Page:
Medicare will limit coverage of the controversial Alzheimer’s drug, aducanumab (Aduhelm, Biogen) via a special program intended to help assess how well this exorbitantly expensive medication works, federal officials announced Tuesday.
On December 20, Biogen announced a plan to reduce the annual US cost of the drug by 50% — from $56,000 to $28,200 — as Centers for Medicare & Medicaid Services (CMS) officials were deciding on Medicare’s coverage policy for the medication.
In making its proposed coverage decision, CMS announced it will pay for aducanumab under its coverage with evidence development (CED) mechanism.
US Food and Drug Administration (FDA)-approved drugs in this class would be covered for those with Medicare only if they are enrolled in qualifying clinical trials, CMS said. The agency will accept public comments on this decision for 30 days.
In a statement, CMS Administrator Chiquita Brooks-LaSure said the agency is “committed to providing the American public with a clear, trusted, evidence-based decision that is made only after a thorough analysis of public feedback on the benefits and risks of coverage for Medicare patients.”
In making its decision, CMS approached aducanumab as the first of a potential new class of monoclonal antibodies drugs for the treatment of Alzheimer’s disease
As reported by Medscape Medical News, the FDA approved aducanumab on June 7 via an accelerated approval process. The approval, which set off a firestorm of controversy that included resignations of three FDA Peripheral and Central Nervous System Drugs Advisory Committee panel members, was granted based on the medication’s ability to reduce beta-amyloid plaque.
Under the accelerated approval mechanism, Biogen still must deliver solid scientific proof that aducanumab has clinically significant disease-modifying effects. However, the final evidence won’t be in any time soon. In its approval letter, the FDA set a 2030 deadline for a final report on this research.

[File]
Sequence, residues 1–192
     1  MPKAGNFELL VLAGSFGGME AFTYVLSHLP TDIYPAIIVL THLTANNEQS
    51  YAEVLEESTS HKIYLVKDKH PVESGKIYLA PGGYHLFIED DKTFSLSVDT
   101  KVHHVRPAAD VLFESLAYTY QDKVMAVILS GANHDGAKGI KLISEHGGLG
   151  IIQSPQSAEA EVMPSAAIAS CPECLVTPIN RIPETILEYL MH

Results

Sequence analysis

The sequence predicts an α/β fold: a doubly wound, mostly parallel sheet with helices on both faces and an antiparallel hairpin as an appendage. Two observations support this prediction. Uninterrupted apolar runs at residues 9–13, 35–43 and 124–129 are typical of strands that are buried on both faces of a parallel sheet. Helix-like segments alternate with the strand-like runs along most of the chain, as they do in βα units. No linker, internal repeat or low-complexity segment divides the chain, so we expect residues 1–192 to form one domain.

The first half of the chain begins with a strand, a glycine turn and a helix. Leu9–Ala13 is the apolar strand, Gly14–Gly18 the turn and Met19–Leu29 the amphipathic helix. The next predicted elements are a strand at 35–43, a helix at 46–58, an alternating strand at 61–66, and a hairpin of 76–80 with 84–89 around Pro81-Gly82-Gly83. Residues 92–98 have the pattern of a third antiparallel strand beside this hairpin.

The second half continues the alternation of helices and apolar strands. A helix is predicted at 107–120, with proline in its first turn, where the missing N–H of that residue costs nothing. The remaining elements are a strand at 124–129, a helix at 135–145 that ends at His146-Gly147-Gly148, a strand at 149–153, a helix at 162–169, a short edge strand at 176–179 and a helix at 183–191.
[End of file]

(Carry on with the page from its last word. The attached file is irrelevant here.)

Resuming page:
Insurers such as Medicare and drug makers often are at odds about drug prices for agents whose clinical benefit has yet to be proven. BIO, the trade group for biotechnology companies, urged CMS to provide access to aducanumab without excess restrictions.
There already are concerns among drug makers about CMS efforts “to impose new coverage barriers — and, in particular, coverage with evidence development (CED),” Crystal Kuntz, vice president of policy and research at BIO, and Andy Cosgrove, the organization’s senior director for policy and research, noted in a July 2021 comment about the aducanumab review.
Medicare should instead continue to provide access to medicines for indications that the FDA has approved, with additional flexibility for off-label indications of cancer drugs, they noted.
“We believe this should continue to be the case, to ensure that vulnerable Medicare beneficiaries have necessary access to life altering and lifesaving medications,” the BIO officials wrote.
However, CMS also received many pleas from physicians asking the agency to limit use of aducanumab at least until there is evidence that it produces a significant clinical benefit.